Danish filmmaker Jørgen Roos (most known for his documentaries) teams up with infamous Danish surrealist painter Wilhelm Freddie for this twisted little experimental film. With the aid of Wilhelm Freddie, the film certainly goes into the direction of more absurd and surreal cinema rather than avant garde. Channeling the likes of Dali and Bunuel, the early founders of surrealism in cinema, it is easy to track the film’s influences.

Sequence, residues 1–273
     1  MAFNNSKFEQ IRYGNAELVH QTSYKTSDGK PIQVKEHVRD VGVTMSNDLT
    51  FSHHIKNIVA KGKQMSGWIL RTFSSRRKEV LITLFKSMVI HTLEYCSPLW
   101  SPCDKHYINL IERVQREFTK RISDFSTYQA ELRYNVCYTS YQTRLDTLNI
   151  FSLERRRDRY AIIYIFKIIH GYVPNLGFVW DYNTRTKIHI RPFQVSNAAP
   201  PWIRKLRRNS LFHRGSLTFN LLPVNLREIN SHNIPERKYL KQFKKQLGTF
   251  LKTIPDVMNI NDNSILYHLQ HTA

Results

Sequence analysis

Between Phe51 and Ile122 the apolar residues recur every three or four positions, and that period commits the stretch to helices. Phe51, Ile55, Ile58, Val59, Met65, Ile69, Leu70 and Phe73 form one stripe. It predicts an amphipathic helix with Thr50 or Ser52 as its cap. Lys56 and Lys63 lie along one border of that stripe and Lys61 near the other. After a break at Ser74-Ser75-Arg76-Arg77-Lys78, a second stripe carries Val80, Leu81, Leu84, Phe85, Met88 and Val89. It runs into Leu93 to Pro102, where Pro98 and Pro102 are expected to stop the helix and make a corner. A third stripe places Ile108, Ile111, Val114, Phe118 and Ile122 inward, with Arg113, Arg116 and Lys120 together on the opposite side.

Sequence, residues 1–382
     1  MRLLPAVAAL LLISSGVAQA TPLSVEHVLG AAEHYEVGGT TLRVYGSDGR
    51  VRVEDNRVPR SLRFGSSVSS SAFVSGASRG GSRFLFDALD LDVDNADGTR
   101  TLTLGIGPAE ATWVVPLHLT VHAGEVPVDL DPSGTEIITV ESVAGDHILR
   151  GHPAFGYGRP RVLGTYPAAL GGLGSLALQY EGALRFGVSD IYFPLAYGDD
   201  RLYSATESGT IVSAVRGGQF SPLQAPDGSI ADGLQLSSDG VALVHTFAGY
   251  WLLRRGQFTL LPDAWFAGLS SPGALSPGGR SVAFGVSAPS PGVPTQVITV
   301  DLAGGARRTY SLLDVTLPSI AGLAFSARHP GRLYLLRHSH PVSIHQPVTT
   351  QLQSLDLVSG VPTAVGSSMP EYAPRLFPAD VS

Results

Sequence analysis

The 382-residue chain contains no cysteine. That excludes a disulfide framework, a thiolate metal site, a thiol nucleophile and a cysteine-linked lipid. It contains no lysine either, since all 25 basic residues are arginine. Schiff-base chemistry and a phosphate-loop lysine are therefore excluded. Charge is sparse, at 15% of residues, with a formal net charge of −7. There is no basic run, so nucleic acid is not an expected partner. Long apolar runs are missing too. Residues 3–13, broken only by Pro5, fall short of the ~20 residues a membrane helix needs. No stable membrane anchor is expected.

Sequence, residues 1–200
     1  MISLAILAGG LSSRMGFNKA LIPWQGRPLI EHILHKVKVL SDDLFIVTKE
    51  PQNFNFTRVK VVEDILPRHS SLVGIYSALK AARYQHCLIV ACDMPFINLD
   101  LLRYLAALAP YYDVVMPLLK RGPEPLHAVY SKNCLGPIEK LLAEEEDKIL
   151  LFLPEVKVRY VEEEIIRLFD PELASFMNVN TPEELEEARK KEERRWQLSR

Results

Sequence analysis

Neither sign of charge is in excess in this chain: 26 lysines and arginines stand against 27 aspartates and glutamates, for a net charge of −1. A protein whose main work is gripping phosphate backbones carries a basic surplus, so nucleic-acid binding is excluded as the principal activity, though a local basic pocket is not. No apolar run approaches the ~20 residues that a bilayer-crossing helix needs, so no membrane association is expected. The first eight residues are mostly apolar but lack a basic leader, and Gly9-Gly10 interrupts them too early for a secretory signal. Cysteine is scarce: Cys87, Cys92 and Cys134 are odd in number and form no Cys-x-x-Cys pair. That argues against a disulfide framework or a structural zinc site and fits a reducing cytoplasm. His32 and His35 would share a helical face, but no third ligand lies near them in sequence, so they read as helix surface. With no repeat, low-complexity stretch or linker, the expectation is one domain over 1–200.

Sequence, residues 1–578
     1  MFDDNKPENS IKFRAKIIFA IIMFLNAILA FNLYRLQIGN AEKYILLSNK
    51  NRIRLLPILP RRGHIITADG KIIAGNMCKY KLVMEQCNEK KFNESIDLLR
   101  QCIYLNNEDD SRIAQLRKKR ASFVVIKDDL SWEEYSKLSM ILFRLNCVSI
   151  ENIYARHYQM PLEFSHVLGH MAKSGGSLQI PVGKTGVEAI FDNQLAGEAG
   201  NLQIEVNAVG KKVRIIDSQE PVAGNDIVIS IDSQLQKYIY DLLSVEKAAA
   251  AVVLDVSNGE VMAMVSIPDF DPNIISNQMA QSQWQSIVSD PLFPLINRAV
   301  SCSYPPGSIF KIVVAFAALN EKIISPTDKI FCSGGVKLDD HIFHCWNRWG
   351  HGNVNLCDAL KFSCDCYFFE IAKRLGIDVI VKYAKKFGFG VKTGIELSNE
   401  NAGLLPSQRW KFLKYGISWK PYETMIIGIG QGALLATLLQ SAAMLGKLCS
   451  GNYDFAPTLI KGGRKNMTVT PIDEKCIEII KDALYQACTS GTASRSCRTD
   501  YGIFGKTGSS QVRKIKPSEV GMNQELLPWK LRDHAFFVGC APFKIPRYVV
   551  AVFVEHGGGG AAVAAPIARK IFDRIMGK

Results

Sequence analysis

The comparison between food and the body being a main concern for its thematics. But overall like many surrealist art works, its nearly impossible to decipher any clear or direct meaning. Eaten Horizons works on many levels of surrealist cinema and its visceral emotive response is felt deep. Perhaps a dream (or nightmare if you will) of Roos is what drawn the film’s main inspirations. Dreamy and dark atmosphere, and Cronenberg-esque body horror.